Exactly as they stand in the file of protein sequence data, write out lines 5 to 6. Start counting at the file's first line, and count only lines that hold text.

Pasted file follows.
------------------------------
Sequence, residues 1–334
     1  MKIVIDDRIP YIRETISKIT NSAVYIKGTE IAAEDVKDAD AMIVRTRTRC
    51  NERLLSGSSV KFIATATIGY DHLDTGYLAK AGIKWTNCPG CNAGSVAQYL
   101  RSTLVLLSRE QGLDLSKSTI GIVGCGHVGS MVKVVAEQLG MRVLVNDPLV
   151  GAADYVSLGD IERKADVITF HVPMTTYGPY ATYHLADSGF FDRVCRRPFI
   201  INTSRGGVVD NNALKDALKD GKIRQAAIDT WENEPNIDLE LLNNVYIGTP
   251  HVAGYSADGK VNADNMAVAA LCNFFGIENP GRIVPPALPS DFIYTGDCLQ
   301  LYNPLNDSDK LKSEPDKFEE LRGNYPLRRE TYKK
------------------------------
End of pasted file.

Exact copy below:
   151  GAADYVSLGD IERKADVITF HVPMTTYGPY ATYHLADSGF FDRVCRRPFI
   201  INTSRGGVVD NNALKDALKD GKIRQAAIDT WENEPNIDLE LLNNVYIGTP